Checking and savings accounts are the most commonly used bank accounts. Both of them hold your money in a secure fashion, but come with a pretty long list of differences. It’s essential to understand these differences in order to choose which account is good for you.
If you want to get a better idea of which account you should use, make sure to read through our post to understand the key differences. If you want to learn more about the banking world, you can always check back at HMB.
Checking vs. Savings
|Six per month
(excluding in-person and ATM withdrawals)
|Does it pay interest?
|Yes, interest may vary.
Some checking accounts don’t have all these fees.
You can find some savings accounts that don’t have these fees.
|Minimum balance requirements
Checking Accounts Are for Payments
- Checking accounts are where you keep the money you plan to spend. Since most checking accounts don’t pay interest, there’s no reason to store large sums of money in it. There are several ways to pay with a checking account. You can do online payments, in person purchases, and electronic billing.
Savings is for Savings
- It’s important to separate your assets into categories. Not all of your cash should be in the spending category, this is where a savings account comes in. Since ideally you aren’t spending the money in your savings accounts, it will accumulate way more interest than a checking account. However, it’s harder to spend the money in your savings account.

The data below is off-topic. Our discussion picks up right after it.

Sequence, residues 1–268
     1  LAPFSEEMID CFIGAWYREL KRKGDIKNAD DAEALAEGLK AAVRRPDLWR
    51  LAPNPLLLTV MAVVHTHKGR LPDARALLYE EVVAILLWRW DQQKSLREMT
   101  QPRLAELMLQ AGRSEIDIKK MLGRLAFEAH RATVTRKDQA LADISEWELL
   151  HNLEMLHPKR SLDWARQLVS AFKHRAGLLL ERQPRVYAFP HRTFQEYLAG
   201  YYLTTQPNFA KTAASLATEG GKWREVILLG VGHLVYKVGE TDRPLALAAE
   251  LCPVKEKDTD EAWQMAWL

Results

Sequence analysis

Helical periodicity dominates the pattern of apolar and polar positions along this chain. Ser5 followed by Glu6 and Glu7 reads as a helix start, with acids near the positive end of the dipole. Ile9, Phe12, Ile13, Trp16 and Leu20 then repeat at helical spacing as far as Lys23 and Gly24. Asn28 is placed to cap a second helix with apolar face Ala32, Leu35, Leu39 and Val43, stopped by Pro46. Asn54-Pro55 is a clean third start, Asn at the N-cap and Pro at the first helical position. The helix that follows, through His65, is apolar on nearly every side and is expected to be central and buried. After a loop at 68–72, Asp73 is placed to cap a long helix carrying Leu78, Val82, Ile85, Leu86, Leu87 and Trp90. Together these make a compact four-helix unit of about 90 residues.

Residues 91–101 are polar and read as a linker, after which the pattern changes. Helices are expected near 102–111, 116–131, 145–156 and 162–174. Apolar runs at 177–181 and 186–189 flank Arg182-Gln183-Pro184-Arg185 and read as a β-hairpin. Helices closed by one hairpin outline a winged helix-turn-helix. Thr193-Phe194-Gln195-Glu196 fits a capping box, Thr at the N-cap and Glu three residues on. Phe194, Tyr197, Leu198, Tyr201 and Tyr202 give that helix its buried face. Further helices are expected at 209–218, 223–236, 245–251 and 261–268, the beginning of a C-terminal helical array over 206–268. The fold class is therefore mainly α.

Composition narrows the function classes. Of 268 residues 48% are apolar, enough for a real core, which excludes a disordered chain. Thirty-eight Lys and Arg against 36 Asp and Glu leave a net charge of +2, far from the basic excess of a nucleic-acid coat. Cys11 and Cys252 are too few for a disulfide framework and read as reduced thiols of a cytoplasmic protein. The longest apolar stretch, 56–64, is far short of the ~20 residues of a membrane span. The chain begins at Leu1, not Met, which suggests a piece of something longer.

A checking account is designed for frequent transactions, and you can use the money in it in a ton of different ways.
- Automatic Electronic Payments: You have consistent bills that you need to pay, you can set up to have your funds automatically deducted from your checking account and used to pay said bills. If you are a forgetful person, this a great way to make payments on time without having to constantly worry about them.
- Debit Card Payments: A debit card allows you to easily use the money in your checking account whenever you want. They feel and are used in the same way as credit cards, but they are simply used to take funds out of your checking.
- ATM Withdrawals: Use your debit card to get cash out of any ATM close to you
- Checks: Checks are a classic way of allowing someone else to draw funds from your checking account.
The majority of checking accounts don’t pay out any interest. However, if you keep a large amount of cash in your checking account, it may be in your best interest to find an interest paying account.
Many local banks have this option, but you’ll have to be careful. There is usually strict criteria that has to be met in order to earn the interest on your checking.
If your main goal is to accumulate interest, then checking accounts are not the way to go. It’s always nice to earn back a little bit of change, but even the checking accounts that do offer interest usually offer an incredibly low amount.
There are two ways to bank without paying monthly charges.
- Find a Free Checking Account: Check with local banks and credit unions, they will often have accounts that have no monthly charges.